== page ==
Two interesting news items on the education front. First, everyone had the headline yesterday about American school children's scores on the National Assessment of Educational Progress (NAEP). This nationally benchmarked test is equivalent from state to state and year to year, and so, unlike many state tests used for No Child Left Behind, it actually means something. And unfortunately, what it showed wasn't great. Despite the accountability movement and an increased emphasis on teaching basic reading and math skills, 4th grade math scores did not improve from 2007 to 2009. Eighth grade math scores were up slightly, which is good, but the improvements weren't large enough to call for celebrating in the streets. What is clear is that for all the complaints from some parents and teachers of kids being stressed out by constant testing, or the emphasis on math and reading crowding out the arts, music, recreation, etc., all of that is either an exaggeration, or if it's true, then it isn't working.
This, of course, raises the question of what does work to raise student achievement and build the skills necessary for later careers -- and brings me to an interesting idea coming out of India on the science front. According to this article from the Times of India, the National Council of Science Museums has decided to create 1,000 "school science centers" across the country. Sometimes located far from any science museum, these centers will involve professional scientists mentoring teachers on how to help students conduct experiments, and will try to emphasize the hands-on nature of science.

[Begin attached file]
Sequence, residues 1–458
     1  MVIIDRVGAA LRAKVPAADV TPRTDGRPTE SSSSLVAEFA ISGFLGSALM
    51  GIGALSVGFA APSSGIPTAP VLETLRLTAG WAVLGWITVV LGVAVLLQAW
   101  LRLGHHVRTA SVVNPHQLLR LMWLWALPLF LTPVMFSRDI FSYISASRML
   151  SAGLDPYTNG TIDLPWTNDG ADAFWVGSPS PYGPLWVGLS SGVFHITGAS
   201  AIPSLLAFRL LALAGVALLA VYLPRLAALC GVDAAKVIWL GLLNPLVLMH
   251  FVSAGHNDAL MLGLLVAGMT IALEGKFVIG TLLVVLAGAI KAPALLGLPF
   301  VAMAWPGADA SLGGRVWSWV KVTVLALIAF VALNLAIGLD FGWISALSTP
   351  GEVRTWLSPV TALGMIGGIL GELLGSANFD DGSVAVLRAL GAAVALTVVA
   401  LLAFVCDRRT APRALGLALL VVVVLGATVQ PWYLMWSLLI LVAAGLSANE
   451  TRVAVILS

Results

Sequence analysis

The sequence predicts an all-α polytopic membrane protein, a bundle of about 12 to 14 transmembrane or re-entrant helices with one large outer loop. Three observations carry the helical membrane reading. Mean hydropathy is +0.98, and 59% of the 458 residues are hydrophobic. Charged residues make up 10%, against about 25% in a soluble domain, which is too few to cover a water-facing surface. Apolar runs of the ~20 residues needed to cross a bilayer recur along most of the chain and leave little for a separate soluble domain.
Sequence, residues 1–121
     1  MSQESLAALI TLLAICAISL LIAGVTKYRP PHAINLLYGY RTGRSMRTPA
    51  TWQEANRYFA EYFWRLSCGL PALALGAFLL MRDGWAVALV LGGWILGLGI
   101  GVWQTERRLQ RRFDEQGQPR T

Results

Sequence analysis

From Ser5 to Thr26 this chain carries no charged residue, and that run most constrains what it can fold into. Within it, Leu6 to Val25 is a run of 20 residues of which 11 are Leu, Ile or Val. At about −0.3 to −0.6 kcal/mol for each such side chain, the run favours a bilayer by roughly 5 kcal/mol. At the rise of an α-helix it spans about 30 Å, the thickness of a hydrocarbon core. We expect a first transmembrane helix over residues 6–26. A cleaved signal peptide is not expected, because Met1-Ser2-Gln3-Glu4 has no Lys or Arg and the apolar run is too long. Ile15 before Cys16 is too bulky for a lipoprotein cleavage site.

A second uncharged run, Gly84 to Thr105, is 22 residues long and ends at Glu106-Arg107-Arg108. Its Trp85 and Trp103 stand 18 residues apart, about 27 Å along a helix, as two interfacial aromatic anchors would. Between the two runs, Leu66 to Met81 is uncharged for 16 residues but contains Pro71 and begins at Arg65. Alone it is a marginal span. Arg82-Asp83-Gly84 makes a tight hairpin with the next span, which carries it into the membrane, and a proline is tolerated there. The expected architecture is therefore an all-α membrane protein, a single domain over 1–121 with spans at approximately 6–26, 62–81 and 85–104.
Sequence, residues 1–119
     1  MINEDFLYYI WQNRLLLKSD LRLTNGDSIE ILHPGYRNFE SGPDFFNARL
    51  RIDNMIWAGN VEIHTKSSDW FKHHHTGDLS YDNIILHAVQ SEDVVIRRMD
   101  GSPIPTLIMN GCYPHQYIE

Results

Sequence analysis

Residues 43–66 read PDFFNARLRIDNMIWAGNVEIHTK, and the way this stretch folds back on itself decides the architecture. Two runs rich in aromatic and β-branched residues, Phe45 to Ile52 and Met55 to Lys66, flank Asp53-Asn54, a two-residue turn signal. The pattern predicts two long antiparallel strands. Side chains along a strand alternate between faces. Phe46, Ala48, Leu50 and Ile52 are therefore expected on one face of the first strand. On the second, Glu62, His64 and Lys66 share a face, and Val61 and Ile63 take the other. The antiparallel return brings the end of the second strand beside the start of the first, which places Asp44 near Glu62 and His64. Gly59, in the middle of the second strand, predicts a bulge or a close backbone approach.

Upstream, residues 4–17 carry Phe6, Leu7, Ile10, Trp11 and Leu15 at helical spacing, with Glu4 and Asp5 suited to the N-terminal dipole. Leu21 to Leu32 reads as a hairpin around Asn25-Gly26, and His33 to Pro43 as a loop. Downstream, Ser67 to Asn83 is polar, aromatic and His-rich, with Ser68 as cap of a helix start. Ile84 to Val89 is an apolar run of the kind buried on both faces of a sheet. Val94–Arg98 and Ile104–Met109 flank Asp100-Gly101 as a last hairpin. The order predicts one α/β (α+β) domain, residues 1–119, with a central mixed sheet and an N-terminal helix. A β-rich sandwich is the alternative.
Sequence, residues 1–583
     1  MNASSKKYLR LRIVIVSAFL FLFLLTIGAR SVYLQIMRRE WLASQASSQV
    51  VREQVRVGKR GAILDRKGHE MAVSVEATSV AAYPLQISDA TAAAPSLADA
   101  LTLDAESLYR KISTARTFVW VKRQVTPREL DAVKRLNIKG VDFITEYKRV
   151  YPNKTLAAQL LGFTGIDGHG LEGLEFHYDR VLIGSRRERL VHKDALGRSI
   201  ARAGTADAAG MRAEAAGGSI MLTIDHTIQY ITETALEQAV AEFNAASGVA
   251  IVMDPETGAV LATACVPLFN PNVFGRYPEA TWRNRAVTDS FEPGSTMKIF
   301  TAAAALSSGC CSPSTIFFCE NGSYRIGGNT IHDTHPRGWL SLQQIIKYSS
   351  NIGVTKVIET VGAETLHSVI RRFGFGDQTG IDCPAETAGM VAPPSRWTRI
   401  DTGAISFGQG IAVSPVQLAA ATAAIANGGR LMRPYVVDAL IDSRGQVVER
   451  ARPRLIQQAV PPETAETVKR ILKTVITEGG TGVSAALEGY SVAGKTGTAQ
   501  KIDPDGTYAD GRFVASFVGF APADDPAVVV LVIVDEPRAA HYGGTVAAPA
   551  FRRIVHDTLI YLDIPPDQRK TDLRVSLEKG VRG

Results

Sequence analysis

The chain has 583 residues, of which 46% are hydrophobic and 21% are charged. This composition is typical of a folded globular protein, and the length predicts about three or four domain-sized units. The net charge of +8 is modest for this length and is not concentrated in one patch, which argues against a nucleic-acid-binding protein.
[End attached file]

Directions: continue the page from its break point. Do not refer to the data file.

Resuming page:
Of most interest to us at Gifted Exchange, though, according to the article, is that this push to train more students in scientific methods is not just about broadening access. It's about using this broad access to identify top talent for future nurturing. The chairman of NCSM said, "We will keep a database of gifted students and follow their career paths closely after school." Another person involved in the project said the students identified as scientifically adept by the school science centers would get an opportunity to "work at the grass-roots level and help the community in solving its problems."
I personally think this is a fascinating idea. We may be trying to upgrade American school children's skills these days, but for the most part, very little about the push to do more testing has involved using individual results to identify top talent and then do something with it. Wouldn't it be interesting if we replaced state-level NCLB tests with the NAEP (or an equivalent internationally benchmarked test) and then not only got aggregated results, but identified the top 1% of scorers on, say, the math section, for further talent development? Wouldn't it be great to do this in other subject areas, too?
For years, people have tried to do similar things with the out-of-level tests used in talent searches (e.g. the SAT for 7th and 8th graders), but as long time readers of Gifted Exchange know, the vast majority of schools do absolutely nothing with these results. Kids who can afford it can use their high SAT scores to go to summer camps at Northwestern, Johns Hopkins and elsewhere. But schools for the most part give kids a certificate or an awards ceremony (if that) and then stick them right back in their grade-level classes. No wonder we're worried about falling behind India on the math and science front.